Anthelmintic effect of papain on Heligmosomoides bakeri.

Anthelmintics or antihelminthics are a group of antiparasitic drugs that expel parasitic worms (helminths) and other internal parasites from the body by either stunning or killing them and without causing significant damage to the host. They may also be called vermifuges (those that stun) or vermicides (those that kill). They are used to treat people or animals who are infected by helminths, a condition called helminthiasis.


  • Types 1
  • Anthelmintic resistance 2
  • See also 3
  • References 4
    • Footnotes 4.1
    • General references 4.2
  • External links 5


Antiparasitics that specifically target Ascaris worms are called ascaricides.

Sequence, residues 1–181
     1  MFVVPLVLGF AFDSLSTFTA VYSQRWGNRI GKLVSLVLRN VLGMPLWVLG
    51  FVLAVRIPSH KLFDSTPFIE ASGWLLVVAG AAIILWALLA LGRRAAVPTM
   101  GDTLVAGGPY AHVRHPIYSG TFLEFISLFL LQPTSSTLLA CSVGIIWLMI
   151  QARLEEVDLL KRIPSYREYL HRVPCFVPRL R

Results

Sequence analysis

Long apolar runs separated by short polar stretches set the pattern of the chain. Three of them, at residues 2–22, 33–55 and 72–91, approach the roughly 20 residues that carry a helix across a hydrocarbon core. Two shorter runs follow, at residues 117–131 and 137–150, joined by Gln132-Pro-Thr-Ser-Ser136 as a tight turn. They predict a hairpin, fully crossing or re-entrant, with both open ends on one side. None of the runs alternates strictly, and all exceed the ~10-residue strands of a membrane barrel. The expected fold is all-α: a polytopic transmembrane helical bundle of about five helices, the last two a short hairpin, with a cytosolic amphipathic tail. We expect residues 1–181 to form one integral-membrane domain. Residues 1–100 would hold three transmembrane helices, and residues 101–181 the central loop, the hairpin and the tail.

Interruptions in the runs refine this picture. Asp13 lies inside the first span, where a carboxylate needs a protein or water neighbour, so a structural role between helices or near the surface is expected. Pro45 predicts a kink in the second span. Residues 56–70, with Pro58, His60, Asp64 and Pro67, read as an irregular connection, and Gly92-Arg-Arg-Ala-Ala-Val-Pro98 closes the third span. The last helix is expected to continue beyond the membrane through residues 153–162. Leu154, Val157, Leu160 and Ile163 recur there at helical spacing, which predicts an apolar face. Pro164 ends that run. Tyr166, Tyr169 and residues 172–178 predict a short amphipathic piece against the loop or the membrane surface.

Anthelmintic resistance

The ability of parasites to survive treatments that are generally effective at the recommended dose rate is a major threat to the future control of worm parasites in small ruminants and horses. This is especially true of nematodes, and has helped spur development of aminoacetonitrile derivatives for treatment against drug resistant nematodes.

The resistance is measured by the "Fecal egg count reduction" value which varies for different types of helminths.[2]

Treatment with an antihelminthic drug kills worms whose phenotype renders them susceptible to the drug. But resistant parasites survive and pass on their "resistance" genes. Resistant varieties accumulate and finally treatment failure occurs. See drug resistance.

See also



  1. ^
  2. ^

General references

External links

  • Plant products in the treatment and control of filariasisand other helminth infections and assay systems for antifilarial/anthelminthic activity.
  • Holden-Dye, L. and Walker, R.J.Anthelmintic drugs (November 2, 2007), WormBook, ed. The C. elegans Research Community, WormBook, doi/10.1895/wormbook.1.143.1